1st sock - 3 color choices
2nd sock - 2 color choices
3rd sock - 1 color choice
4th sock - 0 choice, we don't have a fourth color
So, number of choices for 4 socks of different colors is 0. Doesn't matter how many for the total number of possible choices, 0 divided by anything not zero is still 0!!! So the requested probability is 1 - 0 = 1.
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Re: 12 Easy Pieces (or not?) [#permalink] New post 29 Apr 2013, 10:18
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Q4.
x > -3 and x < 5
y > -7 and y < 9
y-x < 9 - (-3) = 12
y-x > -7-5 = -12

hence -12 < y-x < 12
Ans D
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Re: 12 Easy Pieces (or not?) [#permalink] New post 26 Nov 2013, 07:11
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Pmar2012 wrote:
Hi Bunuel,

Thank you for the very high quality questions.
Can you please explain your thinking behind the solution in question 8?

My confusion stems from the word "guarantee". Ideally the least number of chosen chips, that could result in 2 different colours, is indeed 3. However, the probability of this event is certainly not 1.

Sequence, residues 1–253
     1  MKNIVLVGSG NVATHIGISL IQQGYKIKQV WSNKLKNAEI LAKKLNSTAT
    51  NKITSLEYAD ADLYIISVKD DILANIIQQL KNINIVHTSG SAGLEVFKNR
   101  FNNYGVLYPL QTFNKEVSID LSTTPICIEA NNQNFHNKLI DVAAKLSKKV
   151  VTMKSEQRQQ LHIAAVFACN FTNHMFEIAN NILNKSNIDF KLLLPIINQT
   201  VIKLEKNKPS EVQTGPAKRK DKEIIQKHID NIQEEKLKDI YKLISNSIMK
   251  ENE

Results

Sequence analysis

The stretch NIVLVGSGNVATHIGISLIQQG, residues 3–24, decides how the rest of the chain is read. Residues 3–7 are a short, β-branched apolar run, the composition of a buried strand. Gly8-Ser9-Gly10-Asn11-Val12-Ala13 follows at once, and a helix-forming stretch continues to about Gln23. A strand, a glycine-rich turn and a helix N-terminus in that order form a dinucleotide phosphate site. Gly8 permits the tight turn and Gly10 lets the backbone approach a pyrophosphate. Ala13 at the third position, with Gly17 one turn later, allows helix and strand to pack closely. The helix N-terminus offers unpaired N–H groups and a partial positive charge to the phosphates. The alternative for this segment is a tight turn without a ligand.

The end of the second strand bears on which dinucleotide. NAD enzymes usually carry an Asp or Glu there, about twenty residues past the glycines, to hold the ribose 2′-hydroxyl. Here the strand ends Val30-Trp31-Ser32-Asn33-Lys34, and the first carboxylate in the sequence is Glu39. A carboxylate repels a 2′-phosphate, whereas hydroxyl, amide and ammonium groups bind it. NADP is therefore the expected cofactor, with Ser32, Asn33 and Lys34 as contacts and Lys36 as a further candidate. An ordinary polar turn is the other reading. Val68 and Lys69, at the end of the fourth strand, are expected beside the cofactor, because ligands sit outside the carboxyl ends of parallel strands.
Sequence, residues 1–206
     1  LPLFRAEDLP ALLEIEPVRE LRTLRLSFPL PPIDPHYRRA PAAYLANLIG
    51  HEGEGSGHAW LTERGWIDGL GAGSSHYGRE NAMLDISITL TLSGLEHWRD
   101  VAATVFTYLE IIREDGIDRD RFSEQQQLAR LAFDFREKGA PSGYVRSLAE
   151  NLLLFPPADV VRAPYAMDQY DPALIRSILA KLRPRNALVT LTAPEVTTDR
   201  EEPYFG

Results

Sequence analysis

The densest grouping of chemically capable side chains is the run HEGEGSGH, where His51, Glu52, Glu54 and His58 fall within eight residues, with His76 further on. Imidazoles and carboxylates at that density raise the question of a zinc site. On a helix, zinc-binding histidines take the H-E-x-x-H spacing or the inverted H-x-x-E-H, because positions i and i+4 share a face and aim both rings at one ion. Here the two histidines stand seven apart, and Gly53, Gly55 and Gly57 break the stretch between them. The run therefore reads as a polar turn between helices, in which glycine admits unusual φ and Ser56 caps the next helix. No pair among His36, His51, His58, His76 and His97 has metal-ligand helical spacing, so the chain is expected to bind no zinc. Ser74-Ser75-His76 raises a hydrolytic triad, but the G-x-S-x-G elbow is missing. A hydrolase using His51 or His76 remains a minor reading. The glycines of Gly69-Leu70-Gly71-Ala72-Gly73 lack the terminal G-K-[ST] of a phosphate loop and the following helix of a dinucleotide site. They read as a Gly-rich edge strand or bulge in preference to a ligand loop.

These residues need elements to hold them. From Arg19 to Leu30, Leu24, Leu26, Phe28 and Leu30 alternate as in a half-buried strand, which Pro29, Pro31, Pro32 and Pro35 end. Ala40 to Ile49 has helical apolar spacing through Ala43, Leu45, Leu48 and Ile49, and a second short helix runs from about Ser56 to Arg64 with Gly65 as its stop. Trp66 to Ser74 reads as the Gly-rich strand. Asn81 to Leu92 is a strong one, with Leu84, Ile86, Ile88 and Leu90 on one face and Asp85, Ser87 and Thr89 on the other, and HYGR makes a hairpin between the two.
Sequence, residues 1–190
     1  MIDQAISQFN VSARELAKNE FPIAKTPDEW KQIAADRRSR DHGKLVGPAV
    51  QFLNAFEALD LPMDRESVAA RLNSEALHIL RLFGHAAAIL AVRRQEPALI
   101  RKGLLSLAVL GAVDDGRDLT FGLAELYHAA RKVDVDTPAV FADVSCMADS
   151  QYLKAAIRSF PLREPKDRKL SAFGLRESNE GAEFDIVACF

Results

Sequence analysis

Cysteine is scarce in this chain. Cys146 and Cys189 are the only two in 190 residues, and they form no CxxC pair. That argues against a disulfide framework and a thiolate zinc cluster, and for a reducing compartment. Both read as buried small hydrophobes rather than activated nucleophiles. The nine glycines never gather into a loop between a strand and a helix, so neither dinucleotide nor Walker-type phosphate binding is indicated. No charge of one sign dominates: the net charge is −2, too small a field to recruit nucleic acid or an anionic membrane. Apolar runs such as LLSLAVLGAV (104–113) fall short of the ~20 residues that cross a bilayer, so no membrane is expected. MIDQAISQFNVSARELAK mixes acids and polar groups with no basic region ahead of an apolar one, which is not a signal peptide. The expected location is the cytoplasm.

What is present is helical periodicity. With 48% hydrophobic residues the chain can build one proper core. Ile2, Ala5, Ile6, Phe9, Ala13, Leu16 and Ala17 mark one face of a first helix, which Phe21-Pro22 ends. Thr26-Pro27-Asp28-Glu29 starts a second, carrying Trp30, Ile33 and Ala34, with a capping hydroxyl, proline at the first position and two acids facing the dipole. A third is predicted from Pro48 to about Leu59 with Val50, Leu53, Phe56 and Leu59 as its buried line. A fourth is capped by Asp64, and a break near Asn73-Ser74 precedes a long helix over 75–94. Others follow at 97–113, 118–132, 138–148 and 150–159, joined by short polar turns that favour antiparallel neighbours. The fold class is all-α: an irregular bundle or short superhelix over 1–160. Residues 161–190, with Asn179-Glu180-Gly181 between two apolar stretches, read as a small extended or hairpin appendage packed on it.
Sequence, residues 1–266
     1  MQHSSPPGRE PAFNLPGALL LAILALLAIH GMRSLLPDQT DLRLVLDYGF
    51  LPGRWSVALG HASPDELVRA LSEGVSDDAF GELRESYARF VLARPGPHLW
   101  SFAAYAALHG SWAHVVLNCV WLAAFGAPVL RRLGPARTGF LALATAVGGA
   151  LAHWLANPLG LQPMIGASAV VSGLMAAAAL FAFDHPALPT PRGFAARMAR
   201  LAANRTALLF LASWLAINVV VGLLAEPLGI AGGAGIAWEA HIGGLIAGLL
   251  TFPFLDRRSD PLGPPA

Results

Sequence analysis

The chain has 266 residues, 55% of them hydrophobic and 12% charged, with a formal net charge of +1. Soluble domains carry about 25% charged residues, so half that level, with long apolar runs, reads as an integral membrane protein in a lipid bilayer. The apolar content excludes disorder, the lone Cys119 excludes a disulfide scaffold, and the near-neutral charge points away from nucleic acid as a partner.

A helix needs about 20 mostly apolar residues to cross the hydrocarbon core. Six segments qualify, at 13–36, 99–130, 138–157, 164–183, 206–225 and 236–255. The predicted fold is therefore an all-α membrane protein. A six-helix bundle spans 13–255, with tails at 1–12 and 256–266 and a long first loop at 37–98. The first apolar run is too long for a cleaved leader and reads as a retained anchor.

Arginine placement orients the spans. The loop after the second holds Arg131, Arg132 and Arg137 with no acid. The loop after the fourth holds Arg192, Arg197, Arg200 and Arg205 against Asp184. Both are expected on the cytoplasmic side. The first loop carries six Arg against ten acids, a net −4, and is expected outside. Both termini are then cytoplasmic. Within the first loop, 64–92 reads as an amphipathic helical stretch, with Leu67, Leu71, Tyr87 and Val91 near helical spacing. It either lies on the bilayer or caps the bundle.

We are not interested in the probability in question 8:
8. There are 15 black chips and 5 white chips in a jar. What is the least number of chips we should pick to guarantee that we have 2 chips of the same color?

Similar questions to practice:
in-his-pocket-a-boy-has-3-red-marbles-4-blue-marbles-and-85216.html
of-the-science-books-in-a-certain-supply-room-50-are-on-131100.html
in-a-deck-of-52-cards-each-card-is-one-of-4-different-color-83183.html
a-box-contains-10-red-pills-5-blue-pills-12-yellow-56779.html
each-of-the-integers-from-0-to-9-inclusive-is-written-on-130562.html
a-student-is-asked-to-pick-marbles-from-a-bag-that-contains-72390.html
of-the-science-books-in-a-certain-supply-room-50-are-on-131100.html
if-a-librarian-randomly-removes-science-books-from-a-library-93861.html
m10-q24-ps-69233.html#p1237169

Hope this helps.
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Re: 12 Easy Pieces (or not?) [#permalink] New post 22 Jan 2012, 10:17
Ans
1-E
2-A
3-E
4-D
5-B
6-C
7-A
8-A
9-C
10-D
11-D
12-B
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Re: 12 Easy Pieces (or not?) [#permalink] New post 22 Jan 2012, 11:10
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Re: 12 Easy Pieces (or not?) [#permalink] New post 22 Jan 2012, 14:37
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anuu wrote:
2 ) Answer A

3 ) Answer E

4) Answer D

7) Answer A

8) Answer A

9) Hence D

12) Answer B


Good job! Kudos given.

4 out of 7 answers are correct (though one of the questions you've answered correctly has easier and more elegant solution).

Dare to try rest of the questions?